HYDERABAD: Revamping education system in a country like India will take 50 to 100 years of hard work, believes Professor Howard Gardner of the Harvard Graduate School of Education. Best known for his theory of multiple intelligences, he was in the city as part of his six-city tour in the country.
The professor of cognitive psychology emphasized that for India, “there are no quick-fix solutions for changing the education system.” Speaking to the media at the Indian School of Business, the educationist spoke of the narrow framework in which educational institutions and learning are judged.
“The observation that if it is not quantified, it is not useful is a fall out of neoliberalist policies of the US and India. Quantifying intelligence does not take into account only school tests. If a child is doing well in school, do not spare a milli-second trying to quantify his abilities. Quantifying the various forms of intelligence helps when a child suffers from learning disabilities,” said the professor whose hypothesis of various forms of intelligences has been adapted across schools in the US to mentor students in a specific skill from a young age.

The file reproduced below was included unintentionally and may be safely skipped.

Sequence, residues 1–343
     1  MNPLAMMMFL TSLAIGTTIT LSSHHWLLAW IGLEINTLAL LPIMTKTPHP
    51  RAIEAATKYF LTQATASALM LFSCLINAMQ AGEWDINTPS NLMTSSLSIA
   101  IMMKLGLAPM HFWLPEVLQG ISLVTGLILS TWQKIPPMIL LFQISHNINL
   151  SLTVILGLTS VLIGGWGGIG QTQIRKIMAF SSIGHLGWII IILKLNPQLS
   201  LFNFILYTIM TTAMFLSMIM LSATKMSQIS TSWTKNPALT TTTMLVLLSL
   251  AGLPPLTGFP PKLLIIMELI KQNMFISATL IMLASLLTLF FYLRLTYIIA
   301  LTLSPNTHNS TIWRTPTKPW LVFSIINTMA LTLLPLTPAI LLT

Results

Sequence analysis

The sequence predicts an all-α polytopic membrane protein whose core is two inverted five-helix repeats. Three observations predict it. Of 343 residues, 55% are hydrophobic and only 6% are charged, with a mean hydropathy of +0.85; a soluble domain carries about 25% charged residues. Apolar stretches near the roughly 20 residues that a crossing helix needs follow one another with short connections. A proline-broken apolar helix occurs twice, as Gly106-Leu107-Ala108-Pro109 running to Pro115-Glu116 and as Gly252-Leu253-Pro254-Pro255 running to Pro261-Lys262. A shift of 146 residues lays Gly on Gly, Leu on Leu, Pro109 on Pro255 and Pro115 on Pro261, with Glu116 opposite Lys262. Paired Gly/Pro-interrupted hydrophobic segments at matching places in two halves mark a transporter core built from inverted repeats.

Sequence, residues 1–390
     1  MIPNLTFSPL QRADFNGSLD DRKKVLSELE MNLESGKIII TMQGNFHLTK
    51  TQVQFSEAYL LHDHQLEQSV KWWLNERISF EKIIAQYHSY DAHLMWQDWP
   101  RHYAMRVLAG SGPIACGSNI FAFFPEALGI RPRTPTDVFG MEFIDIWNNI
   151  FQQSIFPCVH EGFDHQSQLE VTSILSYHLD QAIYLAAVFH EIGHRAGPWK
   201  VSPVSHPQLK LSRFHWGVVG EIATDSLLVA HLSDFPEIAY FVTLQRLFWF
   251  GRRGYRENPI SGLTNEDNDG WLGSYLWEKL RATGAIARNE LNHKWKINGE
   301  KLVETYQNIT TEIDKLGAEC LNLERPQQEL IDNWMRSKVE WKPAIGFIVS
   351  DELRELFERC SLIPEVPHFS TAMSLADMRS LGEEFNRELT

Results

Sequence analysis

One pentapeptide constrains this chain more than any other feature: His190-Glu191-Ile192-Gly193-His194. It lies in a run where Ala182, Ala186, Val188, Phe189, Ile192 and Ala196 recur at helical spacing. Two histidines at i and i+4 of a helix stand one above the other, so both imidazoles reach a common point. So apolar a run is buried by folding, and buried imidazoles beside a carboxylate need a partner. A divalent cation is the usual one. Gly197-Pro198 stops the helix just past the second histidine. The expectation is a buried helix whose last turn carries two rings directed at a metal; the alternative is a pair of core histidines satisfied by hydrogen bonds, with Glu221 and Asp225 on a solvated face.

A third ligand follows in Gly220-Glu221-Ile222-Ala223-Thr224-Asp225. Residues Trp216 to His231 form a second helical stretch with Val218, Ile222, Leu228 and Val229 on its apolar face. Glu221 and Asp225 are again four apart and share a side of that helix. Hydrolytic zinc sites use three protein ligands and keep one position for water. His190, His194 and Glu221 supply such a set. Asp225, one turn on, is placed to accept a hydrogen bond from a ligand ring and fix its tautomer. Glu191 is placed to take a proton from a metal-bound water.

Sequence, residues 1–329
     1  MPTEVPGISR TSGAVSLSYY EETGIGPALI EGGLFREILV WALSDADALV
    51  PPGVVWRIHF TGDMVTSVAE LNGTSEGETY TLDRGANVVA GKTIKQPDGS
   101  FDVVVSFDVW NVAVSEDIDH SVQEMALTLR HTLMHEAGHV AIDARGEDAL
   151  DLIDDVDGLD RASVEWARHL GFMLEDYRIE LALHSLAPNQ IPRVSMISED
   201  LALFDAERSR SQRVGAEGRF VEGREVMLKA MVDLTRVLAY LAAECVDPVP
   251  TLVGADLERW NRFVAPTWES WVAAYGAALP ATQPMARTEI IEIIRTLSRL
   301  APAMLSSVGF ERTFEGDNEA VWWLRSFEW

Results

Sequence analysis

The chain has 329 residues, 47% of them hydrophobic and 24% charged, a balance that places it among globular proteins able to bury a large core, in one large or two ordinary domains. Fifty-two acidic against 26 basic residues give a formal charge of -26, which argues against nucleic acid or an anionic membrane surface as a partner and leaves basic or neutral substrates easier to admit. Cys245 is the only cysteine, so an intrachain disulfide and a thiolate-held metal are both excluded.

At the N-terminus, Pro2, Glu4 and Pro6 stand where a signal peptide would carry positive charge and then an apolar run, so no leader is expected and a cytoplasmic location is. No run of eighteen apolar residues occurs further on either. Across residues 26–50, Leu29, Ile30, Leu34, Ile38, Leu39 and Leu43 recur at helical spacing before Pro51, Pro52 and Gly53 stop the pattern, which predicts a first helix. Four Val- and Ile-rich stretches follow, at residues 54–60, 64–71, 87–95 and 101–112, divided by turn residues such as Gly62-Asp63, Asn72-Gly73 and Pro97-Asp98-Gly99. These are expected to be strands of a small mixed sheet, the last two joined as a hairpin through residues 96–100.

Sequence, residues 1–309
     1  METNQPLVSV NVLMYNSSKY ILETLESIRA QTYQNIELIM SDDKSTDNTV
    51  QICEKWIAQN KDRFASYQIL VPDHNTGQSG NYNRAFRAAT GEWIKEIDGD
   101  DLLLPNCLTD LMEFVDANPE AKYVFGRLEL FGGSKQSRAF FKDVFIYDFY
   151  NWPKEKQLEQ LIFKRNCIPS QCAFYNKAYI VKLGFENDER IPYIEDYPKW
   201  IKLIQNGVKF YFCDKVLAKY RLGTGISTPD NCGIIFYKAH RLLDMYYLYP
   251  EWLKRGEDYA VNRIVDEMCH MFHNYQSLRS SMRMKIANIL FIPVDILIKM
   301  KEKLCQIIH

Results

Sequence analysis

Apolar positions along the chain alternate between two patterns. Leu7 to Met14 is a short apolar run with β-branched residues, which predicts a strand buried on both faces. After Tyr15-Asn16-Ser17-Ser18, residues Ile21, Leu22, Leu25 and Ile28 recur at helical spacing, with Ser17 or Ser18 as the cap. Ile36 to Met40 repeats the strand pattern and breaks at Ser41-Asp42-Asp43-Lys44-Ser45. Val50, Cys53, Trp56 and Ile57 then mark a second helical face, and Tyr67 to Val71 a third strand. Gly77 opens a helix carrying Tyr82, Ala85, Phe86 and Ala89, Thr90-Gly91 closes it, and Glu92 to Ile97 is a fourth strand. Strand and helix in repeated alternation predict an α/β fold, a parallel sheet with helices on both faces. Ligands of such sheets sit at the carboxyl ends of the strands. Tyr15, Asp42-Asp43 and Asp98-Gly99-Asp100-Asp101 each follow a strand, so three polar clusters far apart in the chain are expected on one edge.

The professor pointed out that in India, where education is more about competition and less about understanding, the evaluation criteria has its drawbacks.
“There is a funnel problem in India where a large number of students are competing to get into a few elite schools such as the IITs. The admission process in universities in the US is much better as intake is not based on a single test score. It takes into account the candidate’s hobbies, interests and other aspects,” explained Gardner who visited IIT Chennai before his stop in the city.
He also underlined the importance of social capital a child brings to the school.
“Schools cannot foster creativity if they believe in error-free learning,” opined Gardner introducing his hypothesis which talks about five different minds and seven types of intelligences.
Among the five different minds which cover the psychology of an individual, the ‘synthesizing mind’ will be respected in the coming years, observed the cognitive psychologist.
“The ability to correlate information and connect relevant information is the function of a synthesizing mind. But there is also the need to develop an ethical mind,” he said. Sharing an anecdote, he said if students at Harvard were asked to read only one book in their life, he would recommend to them Mahatma Gandhi’s autobiography, My Experiments With Truth. “It is not the most elegantly written book but captures best the ethical dilemmas an individual faces,” he said.